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Iptables in Ubuntu 12.04

By default, Ubuntu only opens ports for services that are running on a server. You can manage which ports are available on each network interface using iptables. Iptables rules are implemented from top to bottom and should thus be added accordingly.

Here are some commands to start a basic iptables firewall:
sudo iptables -A INPUT -p tcp --dport 22 -j ACCEPT
sudo iptables -A INPUT -p icmp -j ACCEPT
sudo iptables -A INPUT -i lo -j ACCEPT
sudo iptables -A INPUT -d ! -i lo -j DROP
sudo iptables -A INPUT -i eth0 -j DROP
Without going into detail, each command appends (-A) a new rule-specification to the iptables INPUT chain.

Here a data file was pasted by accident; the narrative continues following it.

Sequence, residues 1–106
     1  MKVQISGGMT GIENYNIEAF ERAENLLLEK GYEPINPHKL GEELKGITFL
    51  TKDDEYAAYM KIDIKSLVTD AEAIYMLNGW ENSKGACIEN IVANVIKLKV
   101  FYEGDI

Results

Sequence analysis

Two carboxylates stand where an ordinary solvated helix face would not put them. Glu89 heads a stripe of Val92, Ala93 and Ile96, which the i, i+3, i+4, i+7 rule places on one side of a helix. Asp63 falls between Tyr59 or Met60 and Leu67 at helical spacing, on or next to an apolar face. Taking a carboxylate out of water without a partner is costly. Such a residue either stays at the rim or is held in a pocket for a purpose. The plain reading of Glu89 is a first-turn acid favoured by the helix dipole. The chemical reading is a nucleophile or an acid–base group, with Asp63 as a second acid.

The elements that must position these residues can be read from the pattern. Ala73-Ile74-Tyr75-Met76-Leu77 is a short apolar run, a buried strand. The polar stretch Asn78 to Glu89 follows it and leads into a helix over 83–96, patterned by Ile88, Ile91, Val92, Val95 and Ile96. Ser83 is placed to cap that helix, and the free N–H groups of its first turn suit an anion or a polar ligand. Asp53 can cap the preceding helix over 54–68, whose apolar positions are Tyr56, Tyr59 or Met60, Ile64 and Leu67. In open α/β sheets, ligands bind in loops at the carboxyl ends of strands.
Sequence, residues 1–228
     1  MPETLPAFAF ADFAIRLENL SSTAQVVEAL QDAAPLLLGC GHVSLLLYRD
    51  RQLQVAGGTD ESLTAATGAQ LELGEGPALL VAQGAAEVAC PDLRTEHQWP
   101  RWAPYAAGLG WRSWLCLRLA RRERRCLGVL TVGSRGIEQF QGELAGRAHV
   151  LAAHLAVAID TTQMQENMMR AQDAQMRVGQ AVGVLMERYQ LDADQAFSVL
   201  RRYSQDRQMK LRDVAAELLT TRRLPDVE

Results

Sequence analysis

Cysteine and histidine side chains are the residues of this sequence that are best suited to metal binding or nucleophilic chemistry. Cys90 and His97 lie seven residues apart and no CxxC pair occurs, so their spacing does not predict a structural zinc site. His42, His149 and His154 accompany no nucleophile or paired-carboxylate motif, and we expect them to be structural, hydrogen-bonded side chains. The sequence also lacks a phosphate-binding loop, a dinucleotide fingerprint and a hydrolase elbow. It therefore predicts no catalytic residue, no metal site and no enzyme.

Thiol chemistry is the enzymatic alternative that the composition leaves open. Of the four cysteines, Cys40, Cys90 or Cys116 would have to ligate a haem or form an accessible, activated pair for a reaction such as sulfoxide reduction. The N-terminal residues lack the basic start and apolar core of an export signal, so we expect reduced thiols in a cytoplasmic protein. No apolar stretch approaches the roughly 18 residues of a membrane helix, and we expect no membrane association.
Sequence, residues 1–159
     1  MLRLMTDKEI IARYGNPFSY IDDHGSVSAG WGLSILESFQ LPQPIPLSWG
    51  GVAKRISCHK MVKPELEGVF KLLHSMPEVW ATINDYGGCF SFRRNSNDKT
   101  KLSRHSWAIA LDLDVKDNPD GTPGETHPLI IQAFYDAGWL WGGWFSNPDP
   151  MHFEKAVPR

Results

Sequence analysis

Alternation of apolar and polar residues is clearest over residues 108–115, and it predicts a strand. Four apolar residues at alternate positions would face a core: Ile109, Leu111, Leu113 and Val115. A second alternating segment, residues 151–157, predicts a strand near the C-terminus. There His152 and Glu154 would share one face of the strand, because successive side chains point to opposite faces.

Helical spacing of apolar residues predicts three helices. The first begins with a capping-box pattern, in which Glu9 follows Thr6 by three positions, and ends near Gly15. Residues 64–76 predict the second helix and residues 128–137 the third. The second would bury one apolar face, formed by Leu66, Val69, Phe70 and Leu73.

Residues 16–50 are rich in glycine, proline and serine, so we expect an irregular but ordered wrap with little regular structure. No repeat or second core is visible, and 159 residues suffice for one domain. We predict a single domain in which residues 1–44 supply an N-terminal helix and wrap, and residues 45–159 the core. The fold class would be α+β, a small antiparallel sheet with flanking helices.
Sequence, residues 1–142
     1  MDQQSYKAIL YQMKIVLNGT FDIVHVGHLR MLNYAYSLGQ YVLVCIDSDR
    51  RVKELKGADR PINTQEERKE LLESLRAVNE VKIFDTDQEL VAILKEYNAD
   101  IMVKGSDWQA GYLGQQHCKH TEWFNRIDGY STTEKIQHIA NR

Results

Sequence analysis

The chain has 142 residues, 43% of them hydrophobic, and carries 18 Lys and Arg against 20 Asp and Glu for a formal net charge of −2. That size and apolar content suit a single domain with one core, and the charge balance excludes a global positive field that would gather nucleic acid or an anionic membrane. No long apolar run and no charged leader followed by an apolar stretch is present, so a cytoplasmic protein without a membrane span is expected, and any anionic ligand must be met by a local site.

By default, the iptables rules are flushed after each restart. To make the iptables rules persist, you must export the rules into a file which will be reloaded during boot time. To export the rules:
sudo iptables-save > /etc/iptables.rules
This creates a file called iptables.rules that contains all the rules that are currently being applied by iptables. To apply the saved rules after a restart:
sudo iptables-restore < /etc/iptables.rules

To automatically apply the firewall rules during boot, create an exectutable script in the /etc/network/if-pre-up.d/ folder that contains the following text:
iptables -F
iptables-restore < /etc/iptables.rules
exit 0